President Joe Biden announced Wednesday that an additional $800 million in military aid will be sent to Ukraine, just hours after President Volodymyr Zelenskyy’s address to the U.S. Congress, a speech Biden called “convincing.”
Biden said the U.S. is adding to its assistance, which now totals $1 billion just this week, to help “fend off Russia’s assault.”
“America is leading this effort, together with our allies and partners, providing enormous levels of security and humanitarian assistance that we’re adding to today, and we’re going to do more in the days and weeks ahead,” he said, adding the fight is “about the right of people to determine their own future, about making sure Ukraine never will be a victory for Putin, no matter what advances he makes on the battlefield.”
Biden, speaking for just over seven minutes early Wednesday afternoon, said the war in Ukraine is “a struggle that pits the appetites of an autocrat against humankind’s desire to be free.”
On a day when he called Russian President Vladimir Putin a “war criminal” for the first time publicly, Biden also stressed the U.S. will not get involved militarily, but added that it will help Ukraine for as long as it takes.
“We’re going to stay the course,” he said, while warning, “This could be a long and difficult battle.”
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Earlier Wednesday, Zelenskyy gave an impassioned address to an overwhelmingly supportive Congress, pleading for more military support, a “no-fly” zone over his country and even tougher sanctions on Russia. Zelenskyy’s presentation included a gripping video showing graphic images of the brutal human and property damage inflicted by the Russians as the invading forces continued their relentless attack.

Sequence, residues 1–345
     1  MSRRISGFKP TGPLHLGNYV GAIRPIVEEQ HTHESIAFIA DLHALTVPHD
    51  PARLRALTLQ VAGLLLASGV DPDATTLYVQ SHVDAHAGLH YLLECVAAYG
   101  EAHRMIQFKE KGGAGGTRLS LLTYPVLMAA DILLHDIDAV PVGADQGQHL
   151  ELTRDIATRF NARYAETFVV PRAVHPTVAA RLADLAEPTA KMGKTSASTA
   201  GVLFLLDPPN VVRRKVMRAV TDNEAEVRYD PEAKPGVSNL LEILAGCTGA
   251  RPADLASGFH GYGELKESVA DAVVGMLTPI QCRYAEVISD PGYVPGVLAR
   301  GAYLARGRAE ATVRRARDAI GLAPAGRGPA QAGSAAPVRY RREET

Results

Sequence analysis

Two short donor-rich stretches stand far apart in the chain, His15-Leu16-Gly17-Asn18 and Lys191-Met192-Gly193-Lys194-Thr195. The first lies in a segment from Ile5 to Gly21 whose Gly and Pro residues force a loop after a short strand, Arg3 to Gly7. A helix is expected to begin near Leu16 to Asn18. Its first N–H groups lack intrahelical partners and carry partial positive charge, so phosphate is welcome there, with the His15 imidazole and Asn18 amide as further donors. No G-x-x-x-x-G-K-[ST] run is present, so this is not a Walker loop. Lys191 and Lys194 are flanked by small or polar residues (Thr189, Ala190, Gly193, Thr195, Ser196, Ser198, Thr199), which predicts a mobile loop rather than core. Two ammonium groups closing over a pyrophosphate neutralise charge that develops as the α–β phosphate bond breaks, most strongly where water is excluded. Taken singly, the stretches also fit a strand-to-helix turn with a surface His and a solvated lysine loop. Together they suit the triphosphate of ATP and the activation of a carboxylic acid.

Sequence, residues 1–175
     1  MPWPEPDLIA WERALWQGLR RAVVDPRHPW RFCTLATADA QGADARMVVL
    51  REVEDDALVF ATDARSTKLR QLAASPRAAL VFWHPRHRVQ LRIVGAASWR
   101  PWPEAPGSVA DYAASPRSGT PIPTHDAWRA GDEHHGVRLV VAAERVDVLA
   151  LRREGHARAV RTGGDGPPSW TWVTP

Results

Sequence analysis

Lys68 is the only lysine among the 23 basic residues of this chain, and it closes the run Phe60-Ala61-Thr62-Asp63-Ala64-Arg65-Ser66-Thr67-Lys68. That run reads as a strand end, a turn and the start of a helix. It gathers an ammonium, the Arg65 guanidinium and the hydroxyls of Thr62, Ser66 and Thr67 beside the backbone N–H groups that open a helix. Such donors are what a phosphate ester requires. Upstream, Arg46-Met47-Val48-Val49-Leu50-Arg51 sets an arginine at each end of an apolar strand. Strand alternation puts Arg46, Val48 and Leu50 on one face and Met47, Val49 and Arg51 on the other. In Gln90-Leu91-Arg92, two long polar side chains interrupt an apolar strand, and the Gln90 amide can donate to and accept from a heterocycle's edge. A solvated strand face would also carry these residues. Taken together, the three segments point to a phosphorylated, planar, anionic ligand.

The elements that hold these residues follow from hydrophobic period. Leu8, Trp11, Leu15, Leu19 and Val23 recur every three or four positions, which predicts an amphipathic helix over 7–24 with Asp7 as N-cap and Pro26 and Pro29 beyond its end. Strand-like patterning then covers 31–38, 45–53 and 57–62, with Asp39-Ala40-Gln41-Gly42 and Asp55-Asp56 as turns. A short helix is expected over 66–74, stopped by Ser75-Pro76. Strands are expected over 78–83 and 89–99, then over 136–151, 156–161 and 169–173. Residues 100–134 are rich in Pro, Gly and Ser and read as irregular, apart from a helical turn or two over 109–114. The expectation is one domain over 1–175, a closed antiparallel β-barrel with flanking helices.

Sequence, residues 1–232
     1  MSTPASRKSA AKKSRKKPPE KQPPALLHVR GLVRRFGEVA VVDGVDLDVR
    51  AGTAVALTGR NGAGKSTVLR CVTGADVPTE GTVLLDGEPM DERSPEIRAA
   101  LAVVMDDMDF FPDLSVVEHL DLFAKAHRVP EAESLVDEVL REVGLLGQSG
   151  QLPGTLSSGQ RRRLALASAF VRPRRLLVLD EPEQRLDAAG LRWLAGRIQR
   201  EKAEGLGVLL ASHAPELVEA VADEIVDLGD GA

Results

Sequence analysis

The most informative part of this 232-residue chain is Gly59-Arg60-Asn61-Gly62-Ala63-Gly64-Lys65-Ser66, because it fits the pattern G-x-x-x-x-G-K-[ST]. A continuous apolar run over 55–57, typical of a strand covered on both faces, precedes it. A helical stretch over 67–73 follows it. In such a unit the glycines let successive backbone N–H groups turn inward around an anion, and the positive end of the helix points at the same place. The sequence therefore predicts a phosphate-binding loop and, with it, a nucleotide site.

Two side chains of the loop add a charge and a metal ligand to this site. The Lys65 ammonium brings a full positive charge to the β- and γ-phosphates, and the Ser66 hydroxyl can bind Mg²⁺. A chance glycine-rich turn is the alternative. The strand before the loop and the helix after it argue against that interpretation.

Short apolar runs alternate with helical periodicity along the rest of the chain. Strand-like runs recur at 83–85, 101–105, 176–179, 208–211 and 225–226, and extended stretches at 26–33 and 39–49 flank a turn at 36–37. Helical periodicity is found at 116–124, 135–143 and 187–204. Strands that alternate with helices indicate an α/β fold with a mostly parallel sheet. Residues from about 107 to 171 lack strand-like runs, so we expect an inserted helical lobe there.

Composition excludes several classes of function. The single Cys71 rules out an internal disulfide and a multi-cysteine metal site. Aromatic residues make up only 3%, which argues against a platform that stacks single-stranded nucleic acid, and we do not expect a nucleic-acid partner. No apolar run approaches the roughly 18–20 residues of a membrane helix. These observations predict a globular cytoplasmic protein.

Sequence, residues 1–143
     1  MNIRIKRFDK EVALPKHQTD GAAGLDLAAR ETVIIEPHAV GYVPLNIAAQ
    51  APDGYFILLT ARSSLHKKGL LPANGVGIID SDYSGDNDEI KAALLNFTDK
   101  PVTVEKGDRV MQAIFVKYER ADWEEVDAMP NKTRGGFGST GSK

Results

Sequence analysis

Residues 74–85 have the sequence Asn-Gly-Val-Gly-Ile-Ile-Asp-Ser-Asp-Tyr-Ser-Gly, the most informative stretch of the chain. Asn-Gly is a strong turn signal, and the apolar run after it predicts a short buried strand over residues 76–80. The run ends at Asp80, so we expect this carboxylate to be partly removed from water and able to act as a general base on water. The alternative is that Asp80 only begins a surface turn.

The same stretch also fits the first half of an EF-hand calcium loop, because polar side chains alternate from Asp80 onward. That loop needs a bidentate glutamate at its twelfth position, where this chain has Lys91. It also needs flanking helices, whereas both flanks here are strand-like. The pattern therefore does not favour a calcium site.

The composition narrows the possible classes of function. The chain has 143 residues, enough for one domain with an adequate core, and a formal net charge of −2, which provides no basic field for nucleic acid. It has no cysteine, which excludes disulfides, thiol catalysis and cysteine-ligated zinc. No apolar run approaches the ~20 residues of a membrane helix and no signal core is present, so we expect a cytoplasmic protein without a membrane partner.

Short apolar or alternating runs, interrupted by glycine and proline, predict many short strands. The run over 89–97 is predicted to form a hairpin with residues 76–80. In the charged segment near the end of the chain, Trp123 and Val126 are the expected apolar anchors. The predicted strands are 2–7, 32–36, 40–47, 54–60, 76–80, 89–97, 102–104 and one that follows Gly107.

In his virtual address — three weeks into his nation’s fierce struggle to repel invading Russian troops — Zelenskyy drew parallels to horrific moments in American history to explain his country’s plight and called on the U.S. to ramp up its aid to Ukraine.
“Right now, the destiny of our country is being decided, the destiny of our people,” said Zelenskyy, who drew a standing ovation from Congress at the start of his speech from Kyiv. “Whether Ukrainians will be free, whether they will be able to preserve their democracy.”
►The 2015 Ukrainian satirical comedy series “Servant of the People,” which Zelenskyy starred in, is available on Netflix. Zelenskyy playing a teacher who unexpectedly becomes president after a video of him complaining about corruption goes viral.
►The International Chess Federation suspended the national teams of Russia and Belarus from participation in official tournaments “until further notice.” Chess is extremely popular in Russia.